‘This is such a very terrible story about my naughty little sister that I hardly know how to tell it to you. It is all my about one Christmas-time when I was a little girl, and my naughty little sister was a very little girl.’
Originally published in the first volume of My Naughty Little Sister in 1952, this Christmas themed story tells you everything you need to know about Dorothy Edwards’ enduring pre-school terror.
Shirley Hughes writes in the introduction to her 2019 picture book adaptation that my naughty little sister is ‘not so very naughty really, so much as extremely determined to get what she wants.’ As this story climaxes with the child biting the hand of Father Christmas after he has given her the doll that she wants, I would argue that naughty probably is the right adjective here.
‘My naughty little sister was very pleased when Christmas began to draw near, because she liked all the excitement of the plum-puddings and the turkeys, and the crackers and the holly, and all the Christmassy looking shops, but there was one very awful thing about her – she didn’t like to think about Father Christmas at all – she said he was a horrid old man!’
I wonder if many small children feel like this about the furtive arrival in their bedrooms of a bearded stranger in a tatty red coat and furs? Perhaps it is understandable that she is not keen on meeting this ‘Father Christmas Man’ when he visits her elder sister’s school.
‘But my naughty little sister did want to go, very much, so she said, “I will go, and when the horrid Father Christmas Man comes in, I will close my eyes.”‘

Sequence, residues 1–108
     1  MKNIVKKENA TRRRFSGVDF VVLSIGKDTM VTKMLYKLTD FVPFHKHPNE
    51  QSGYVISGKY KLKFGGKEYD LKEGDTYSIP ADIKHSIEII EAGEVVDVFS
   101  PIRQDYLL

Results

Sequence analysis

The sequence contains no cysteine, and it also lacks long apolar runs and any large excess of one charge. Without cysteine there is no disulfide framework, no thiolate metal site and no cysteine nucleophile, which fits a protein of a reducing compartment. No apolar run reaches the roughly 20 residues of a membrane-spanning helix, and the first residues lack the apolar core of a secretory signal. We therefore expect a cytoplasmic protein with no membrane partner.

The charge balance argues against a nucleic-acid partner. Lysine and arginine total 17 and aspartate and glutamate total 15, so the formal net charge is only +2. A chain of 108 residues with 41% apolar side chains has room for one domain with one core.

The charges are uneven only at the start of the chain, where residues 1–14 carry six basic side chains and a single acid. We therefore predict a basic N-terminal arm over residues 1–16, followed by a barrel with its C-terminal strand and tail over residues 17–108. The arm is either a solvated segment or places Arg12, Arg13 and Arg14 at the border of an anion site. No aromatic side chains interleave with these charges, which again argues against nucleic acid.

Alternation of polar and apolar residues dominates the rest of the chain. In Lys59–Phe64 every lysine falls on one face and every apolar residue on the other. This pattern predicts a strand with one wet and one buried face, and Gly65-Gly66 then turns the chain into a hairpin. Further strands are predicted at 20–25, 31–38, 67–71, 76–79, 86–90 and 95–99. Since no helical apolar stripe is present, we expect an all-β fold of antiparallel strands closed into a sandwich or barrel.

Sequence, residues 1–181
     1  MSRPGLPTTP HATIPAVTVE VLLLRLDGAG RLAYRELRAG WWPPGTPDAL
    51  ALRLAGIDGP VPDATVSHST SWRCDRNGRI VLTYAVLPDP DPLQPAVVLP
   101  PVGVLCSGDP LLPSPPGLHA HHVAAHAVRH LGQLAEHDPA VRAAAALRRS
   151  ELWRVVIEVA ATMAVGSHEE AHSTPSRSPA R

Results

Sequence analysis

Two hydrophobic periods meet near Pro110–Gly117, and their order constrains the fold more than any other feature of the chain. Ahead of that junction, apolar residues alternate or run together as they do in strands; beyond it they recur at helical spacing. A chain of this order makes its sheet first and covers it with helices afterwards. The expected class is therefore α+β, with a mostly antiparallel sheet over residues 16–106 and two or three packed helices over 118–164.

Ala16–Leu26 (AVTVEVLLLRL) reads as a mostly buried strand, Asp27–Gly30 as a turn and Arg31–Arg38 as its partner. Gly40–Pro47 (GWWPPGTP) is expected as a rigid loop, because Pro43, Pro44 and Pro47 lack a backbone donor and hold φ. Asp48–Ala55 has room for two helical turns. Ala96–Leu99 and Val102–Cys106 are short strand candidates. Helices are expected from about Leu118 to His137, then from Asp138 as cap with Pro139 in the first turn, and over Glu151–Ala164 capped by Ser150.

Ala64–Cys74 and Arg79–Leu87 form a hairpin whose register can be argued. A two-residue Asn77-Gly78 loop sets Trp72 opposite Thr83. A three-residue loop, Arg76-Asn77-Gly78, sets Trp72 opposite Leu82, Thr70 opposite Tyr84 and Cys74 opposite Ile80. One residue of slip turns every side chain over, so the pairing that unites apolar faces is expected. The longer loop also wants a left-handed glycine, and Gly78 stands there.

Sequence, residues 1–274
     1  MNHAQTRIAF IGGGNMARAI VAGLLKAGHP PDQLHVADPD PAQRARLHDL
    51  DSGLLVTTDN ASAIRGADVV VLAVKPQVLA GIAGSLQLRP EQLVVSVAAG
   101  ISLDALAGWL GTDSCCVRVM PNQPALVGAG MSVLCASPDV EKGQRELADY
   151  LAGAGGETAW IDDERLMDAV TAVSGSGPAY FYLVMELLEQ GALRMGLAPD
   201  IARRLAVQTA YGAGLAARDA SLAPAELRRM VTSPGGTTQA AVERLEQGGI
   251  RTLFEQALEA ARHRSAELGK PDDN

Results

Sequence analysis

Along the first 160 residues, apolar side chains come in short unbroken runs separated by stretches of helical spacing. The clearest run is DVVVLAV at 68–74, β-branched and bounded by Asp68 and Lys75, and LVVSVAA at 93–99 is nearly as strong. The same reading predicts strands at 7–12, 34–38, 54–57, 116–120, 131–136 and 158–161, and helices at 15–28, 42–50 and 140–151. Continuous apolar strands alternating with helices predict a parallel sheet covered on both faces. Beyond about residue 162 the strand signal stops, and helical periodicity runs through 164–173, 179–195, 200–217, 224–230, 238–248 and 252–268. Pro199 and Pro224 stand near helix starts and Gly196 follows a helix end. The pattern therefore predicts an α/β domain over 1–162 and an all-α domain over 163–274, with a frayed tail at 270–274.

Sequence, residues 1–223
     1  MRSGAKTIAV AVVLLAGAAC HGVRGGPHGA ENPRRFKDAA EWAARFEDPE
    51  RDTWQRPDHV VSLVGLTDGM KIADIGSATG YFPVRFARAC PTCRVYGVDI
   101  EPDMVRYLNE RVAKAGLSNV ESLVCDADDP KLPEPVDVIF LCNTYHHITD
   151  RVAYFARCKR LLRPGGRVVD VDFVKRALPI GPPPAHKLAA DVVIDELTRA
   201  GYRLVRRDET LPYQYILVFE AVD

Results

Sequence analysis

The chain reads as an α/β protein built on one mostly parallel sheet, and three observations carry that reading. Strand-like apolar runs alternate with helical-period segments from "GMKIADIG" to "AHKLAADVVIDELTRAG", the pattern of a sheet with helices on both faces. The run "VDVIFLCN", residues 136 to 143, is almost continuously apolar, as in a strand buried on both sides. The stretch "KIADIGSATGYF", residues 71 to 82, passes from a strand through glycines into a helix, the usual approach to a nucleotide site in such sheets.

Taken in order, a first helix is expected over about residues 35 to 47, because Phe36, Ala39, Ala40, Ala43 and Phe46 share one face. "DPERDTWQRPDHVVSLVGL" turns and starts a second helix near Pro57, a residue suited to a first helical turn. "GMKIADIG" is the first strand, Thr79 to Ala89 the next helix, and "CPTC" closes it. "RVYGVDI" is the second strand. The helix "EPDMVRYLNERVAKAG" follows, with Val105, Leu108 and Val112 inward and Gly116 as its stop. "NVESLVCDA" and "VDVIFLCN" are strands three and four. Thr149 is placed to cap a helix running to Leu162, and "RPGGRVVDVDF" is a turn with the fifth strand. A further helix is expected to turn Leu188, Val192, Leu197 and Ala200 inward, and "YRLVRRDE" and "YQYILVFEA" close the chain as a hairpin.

This plan goes awry as My Naughty Little Sister is distracted by the promise of presents and quite forgets about the Father Christmas Man’s arrival. Shirley Hughes’s original illustration from the late 1960s goes some way to explaining the extreme reaction that follows. Compared to the kinder, softer picture book remake (top) he looks a rather severe guardian of the tree and its present lined boughs. But with her eyes set firmly on the prize, she decides to face her fears.
‘I don’t like that horrid old beardy man, but I do like that nice doll.’
‘So, my naughty little sister got up without being asked to, and she went right out to the front where Father Christmas Man was standing, and she said, ‘That doll, please.’
The final score is My Naughty Little Sister 1 – 0 Father Christmas Man. Although she appears to mellow in the aftermath of the biting incident, our heroine gets what she wants in the end. You can almost hear the conspiratorial humour in Dorothy Edwards’ voice as she asks readers whether they can think of ‘anything more dreadful’. Shirley Hughes spent time with the author and remembers her like this.
‘There was nothing cosy about her wit or her acute powers of observation. She was very funny, full of salty inconsequential remarks, a born raconteur. She told me memorable anecdotes about her childhood. She, of course, was the Naughty Little Sister.’
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